I've serviced a few that use a standard gas water heater and low pressure heat loop that serve a few cast iron radiators in an addition. No potable water connection. The homeowners point of view is, he could buy 3 water heaters over the lifespan of a typical boiler and still come out ahead plus a much smaller foot print than a typical cast iron boiler. The building inspectors here have yet to catch on that a regular water heater is not rated for space heating.

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        • #5
          Re: Space Heating with Water Heater

          Thanks for the input.

          We pretty much never see any radiators of any type. We do see some slab radiant and forced air with the water heater heating is much more common.

          It makes me think what's a good recommendation for one area maybe isn't a good recommendation for another.

          In some areas it may be better to install a simple & much less expensive water heater design that will handle both your hot water & heat for around 12 years. Then install what will likely be a more efficient new one.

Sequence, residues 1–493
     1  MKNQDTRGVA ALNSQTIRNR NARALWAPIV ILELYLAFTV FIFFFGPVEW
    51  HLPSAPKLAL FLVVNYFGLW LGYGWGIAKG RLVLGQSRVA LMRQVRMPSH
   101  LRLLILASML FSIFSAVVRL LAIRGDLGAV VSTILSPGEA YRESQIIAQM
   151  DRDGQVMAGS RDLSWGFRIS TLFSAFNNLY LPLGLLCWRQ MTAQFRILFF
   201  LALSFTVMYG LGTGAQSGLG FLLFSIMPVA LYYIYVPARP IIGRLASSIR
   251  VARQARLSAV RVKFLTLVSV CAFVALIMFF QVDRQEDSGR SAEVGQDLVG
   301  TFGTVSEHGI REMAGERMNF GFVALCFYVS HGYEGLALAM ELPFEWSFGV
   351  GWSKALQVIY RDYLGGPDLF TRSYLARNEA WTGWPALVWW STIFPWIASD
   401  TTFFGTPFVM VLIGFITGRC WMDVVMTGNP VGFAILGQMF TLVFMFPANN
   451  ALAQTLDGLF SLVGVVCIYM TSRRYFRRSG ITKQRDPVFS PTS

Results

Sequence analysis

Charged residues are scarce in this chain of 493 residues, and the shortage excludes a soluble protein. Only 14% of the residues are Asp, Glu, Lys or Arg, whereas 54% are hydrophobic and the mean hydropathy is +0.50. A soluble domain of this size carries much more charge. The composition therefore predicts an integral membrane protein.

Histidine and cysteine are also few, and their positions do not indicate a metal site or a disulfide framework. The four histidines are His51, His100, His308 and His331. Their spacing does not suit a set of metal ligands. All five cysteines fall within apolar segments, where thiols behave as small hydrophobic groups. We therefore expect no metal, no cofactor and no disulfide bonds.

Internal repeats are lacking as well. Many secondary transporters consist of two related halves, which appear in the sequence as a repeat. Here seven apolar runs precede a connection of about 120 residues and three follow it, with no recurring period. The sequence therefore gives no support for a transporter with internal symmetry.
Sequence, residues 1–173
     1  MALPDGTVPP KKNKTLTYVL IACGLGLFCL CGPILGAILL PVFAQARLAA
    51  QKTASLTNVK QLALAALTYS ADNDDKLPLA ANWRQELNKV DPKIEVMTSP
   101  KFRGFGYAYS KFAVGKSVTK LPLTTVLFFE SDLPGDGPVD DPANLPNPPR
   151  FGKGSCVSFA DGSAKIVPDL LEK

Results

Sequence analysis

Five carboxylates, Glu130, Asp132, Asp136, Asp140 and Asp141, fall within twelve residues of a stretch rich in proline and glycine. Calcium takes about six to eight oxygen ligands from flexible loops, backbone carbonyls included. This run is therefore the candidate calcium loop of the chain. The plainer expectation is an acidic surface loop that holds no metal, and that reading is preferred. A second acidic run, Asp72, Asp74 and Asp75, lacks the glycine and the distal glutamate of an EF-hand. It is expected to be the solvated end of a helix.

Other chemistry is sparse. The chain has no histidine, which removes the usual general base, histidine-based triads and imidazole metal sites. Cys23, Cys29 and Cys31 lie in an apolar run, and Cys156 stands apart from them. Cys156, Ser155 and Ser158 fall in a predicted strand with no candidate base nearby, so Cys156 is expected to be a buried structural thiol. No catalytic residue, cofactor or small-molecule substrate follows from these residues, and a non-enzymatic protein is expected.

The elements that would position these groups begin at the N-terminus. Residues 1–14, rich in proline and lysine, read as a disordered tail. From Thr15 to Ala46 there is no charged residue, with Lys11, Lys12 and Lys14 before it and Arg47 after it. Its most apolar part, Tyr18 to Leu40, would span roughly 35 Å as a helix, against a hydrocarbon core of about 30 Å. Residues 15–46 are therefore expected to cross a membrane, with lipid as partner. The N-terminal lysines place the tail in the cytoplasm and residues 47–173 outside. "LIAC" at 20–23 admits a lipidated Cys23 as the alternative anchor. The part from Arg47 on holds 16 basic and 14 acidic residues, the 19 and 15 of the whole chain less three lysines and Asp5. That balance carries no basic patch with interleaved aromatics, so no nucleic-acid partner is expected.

In other areas it may be better to install a much more expensive and elaborate boiler system that should be more efficient and last longer.

          More questions:

          Why would a "regular" water heater not be ok to use for space heating? Provided the components (piping, etc.) are potable approved?

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          • #6
            Re: Space Heating with Water Heater

            Originally posted by BobsPlumbing View Post

            Why would a "regular" water heater not be ok to use for space heating? Provided the components (piping, etc.) are potable approved?
            I think it's more regulations or certifications than anything else. The tank may be of a thicker steel, but I doubt it. I think it's similar to mobile home vs normal-home units. BUT, have a problem and have the wrong tank installed... no insurance for the customer and you get sued.
            ~~

            ... it was plumbed by Ray Charles and his helper Stevie Wonder

            Comment


            • #7
              Re: Space Heating with Water Heater